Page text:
You never know how far you're reaching.

Church community rocks. I mean, real life community living together because of Jesus, united by His blood, is downright transforming. Last weekend (our normal weekend is Monday/Tuesday) we went backpacking with the youth group. We didn't rent any supplies; everything was lent from people within this church community. Amazing.

While we were gone, we had friends staying in our apartment as their house was being worked on. Long story made short, we came home to a completely filled kitchen. Cupboards, fruit bowl, wine, and fridge stocked with our favorites. Such a gift right? We have the best of friends. How we roped them into being our friends stumps me.

I've been hit with the reality of REACH we can have as individuals. As I think back on the life lessons I have been taught by many, I realize I am empowering others with those same truths. The REACH that they poured into me is furthering into more lives than they know. Thank you to the countless humans who have poured themselves out and into me. Your wisdom is being passed on...past me. Into more lives. It's the same with this blessing of stocking our kitchen. fruit bowl You never know how far your reach is; when you bless one human, you more than likely are blessing many. It's a ripple and it's beautiful. Pouring ourselves out for others is miraculous. It multiplies.

I ran some errands today before heading to our church camp out -- because our church is this crazy community of people where we like to spend days at a time together, getting all sweaty under the blazing heat and wearing filth in our finger nails, not showering for days. We like each other. Anyways..I'm re-reading Interrupted by Jen Hatmaker. My heart has never been hardened towards the homeless. But too often I grow numb when I see the many standing on the corner with a sign. I'll be writing a book review later this week on Interrupted, but just know she has been reminding me of the command to "feed His sheep."

I was needing to consign some clothes, because that's how I satisfy my guilty pleasure of new clothes, and I had to park two blocks away - very abnormal. As I pulled into the nearest parking spot, my eyes noticed a woman standing with her sign in front of the post office. I prayed. "Jesus, help me serve this woman how You want me to." I crawled out of our Ford Focus, back seat overflowing with clothes, and shook her hand. Susie. Sweet, sweet, tender Susie. Her hair was growing in from her last chemo treatment; her breast cancer spread to her brain. She explained that 4 treatments of chemo drained her bank; she is now living with a friend. I asked her of any immediate needs and she explained she is out of chicken, garlic, and vegetables. -pause the story- normally I would go to the store and get the needs stated; I have never handed cash over. Why? Because I have this deep rooted arrogance that I must discern what someone should spend "my" money on. Oh the arrogance; embarrassing. -play the story- I asked Jesus for guidance and immediately a picture of a $5 in my messy wallet flashed into my brain. I hesitated. But then I obeyed. I then asked her if there was anything else? She quietly and slowly said, "I could always use prayer..." OF COURSE. LET ME GIVE YOU THE LIFE SOURCE THAT I KNOW SO WELL.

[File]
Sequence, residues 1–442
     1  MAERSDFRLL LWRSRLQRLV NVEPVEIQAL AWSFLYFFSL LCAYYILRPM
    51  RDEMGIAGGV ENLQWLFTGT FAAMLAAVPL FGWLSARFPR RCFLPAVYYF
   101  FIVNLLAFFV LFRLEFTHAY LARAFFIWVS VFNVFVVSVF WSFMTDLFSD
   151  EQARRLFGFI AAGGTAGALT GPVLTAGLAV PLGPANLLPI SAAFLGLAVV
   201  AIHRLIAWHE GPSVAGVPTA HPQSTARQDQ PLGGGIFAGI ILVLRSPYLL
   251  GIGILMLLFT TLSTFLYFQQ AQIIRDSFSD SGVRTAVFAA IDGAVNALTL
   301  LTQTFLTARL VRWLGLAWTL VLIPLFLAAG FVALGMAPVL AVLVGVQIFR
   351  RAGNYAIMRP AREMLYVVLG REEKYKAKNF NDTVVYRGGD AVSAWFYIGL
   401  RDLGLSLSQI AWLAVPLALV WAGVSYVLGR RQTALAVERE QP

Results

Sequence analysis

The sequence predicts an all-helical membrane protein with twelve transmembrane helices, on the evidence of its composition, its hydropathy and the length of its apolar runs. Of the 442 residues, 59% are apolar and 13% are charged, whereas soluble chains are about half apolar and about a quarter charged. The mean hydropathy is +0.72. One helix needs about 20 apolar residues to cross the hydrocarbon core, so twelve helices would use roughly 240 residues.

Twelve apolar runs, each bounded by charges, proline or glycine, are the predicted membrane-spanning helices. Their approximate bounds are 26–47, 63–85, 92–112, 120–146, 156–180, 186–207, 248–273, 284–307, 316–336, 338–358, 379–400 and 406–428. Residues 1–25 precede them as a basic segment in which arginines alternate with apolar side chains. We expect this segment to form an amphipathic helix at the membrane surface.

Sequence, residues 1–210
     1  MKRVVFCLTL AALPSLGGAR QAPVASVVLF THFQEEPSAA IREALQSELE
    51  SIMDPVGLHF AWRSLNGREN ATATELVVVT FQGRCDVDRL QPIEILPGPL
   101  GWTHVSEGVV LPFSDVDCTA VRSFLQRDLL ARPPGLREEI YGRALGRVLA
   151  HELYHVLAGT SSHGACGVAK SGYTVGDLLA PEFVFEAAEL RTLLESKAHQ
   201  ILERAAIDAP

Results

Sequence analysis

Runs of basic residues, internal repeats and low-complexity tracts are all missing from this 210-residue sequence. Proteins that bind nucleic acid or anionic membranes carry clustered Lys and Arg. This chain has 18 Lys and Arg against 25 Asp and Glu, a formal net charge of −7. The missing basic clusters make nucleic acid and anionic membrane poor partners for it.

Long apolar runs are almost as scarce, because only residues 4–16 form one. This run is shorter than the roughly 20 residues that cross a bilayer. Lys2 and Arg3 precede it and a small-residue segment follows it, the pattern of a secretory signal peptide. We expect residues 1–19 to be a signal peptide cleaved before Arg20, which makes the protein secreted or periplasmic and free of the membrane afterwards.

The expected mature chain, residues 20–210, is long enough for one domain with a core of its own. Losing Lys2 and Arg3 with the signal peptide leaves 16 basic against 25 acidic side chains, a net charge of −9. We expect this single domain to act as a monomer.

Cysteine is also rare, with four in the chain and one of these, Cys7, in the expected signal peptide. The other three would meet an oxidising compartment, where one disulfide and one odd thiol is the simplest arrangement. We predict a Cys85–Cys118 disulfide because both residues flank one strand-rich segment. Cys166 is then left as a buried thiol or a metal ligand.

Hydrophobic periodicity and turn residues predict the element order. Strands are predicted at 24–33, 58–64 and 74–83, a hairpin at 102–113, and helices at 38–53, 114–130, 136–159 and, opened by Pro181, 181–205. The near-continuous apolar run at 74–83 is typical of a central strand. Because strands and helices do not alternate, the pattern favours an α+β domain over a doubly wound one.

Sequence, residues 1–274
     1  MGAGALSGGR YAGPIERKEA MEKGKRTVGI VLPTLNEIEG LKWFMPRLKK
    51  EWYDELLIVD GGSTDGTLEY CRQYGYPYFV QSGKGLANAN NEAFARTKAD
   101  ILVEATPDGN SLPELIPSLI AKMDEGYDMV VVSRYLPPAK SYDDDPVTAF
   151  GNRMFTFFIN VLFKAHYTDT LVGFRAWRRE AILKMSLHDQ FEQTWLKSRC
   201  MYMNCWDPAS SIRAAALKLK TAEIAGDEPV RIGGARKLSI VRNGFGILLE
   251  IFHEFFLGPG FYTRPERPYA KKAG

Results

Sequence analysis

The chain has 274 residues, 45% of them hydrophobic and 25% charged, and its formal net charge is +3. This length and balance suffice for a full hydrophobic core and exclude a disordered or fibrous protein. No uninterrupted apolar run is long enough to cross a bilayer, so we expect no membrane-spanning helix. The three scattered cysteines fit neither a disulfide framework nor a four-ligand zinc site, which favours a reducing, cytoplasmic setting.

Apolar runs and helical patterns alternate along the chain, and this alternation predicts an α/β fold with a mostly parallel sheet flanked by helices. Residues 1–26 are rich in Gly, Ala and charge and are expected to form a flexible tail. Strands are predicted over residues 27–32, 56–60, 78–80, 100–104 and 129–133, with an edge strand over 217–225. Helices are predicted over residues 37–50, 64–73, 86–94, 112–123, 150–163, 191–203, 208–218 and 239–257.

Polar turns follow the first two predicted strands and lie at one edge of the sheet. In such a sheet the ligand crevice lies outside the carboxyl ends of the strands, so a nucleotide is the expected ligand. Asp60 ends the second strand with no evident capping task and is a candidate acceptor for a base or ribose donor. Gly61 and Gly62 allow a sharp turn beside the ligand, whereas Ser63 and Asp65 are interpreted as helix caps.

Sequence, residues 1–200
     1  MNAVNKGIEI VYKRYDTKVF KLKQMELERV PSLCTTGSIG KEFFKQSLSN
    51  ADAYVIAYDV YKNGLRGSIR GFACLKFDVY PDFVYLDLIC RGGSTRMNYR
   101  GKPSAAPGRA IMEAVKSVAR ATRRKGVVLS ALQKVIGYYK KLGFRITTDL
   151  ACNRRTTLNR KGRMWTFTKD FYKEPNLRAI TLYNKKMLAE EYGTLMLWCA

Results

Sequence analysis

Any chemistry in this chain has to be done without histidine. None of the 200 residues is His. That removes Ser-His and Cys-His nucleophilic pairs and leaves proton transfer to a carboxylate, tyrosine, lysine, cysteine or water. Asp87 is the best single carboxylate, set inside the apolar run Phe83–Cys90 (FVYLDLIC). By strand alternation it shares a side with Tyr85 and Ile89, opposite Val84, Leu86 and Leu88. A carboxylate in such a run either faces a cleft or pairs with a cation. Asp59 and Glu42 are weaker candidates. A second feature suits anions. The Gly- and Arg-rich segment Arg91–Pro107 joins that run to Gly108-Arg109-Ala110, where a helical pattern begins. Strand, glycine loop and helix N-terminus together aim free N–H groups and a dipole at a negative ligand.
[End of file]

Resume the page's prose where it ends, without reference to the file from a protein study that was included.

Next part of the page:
So then and there I laid my hands on her and we prayed. We prayed the protection and blood of Jesus. We prayed for His companionship and closeness. We hugged and I carried my 15 bags of clothes to Second Glance (okay there were only 4 but I felt entirely consumer-American). As I walked away from Susie, my heart cried out for her. I'll never forget the glimmer of humanity I saw in her eyes -- the look of dignity, that "I" would hug her. It took maybe 7 minutes of my life. 7 minutes. Oh my soul, how far have I strayed?

She is no less human than me. How ignorant and inhumane for us to treat homeless begging people the way we do. To think of humans the way we do. I'm not pointing fingers at anyone -- I'm behind the pointed finger.

Next stop: groceries. Good ole Trader Joes. Insert Diana on the corner - I have spent many moments with her on this particular corner. Her constant needs are diapers and pull ups. Her sweet tooth likes Sweet Tea. She doesn't ask for much. She wears an army pull over jacket, is shorter, and stands at TJ's frequently when she is not working her very part time job. She has 2 kids. Today when I saw her, she smiled a friendly smile. No caution in the air as usual. When I asked her if she wanted sweet tea & diapers, she quickly said, "Not today; baby girl has been begging for chicken nuggets. She is finally in school! But all I can send in her lunch is Ramen. And she is tired of it." At the exact same time, her eyes exuded sparkly love and deep brokenness as she spoke of her baby girl. I asked what else and she listed off a few more items. Guess what's awesome? I had $50 left over from grocery money, because our friends purchased so much food for us. Their reach went further than they could have dreamed or planned. They helped feed a family of four; not only stocked our kitchen, but purchased much food for a very-much-human family: Diana and her kids and her husband. Humans. Starving, living off ramen noodles and watermelon. And the joy and dignity Diana's eyes shone when I brought her bags of food out? All for a few dollars. All for a few extra moments. All for Jesus.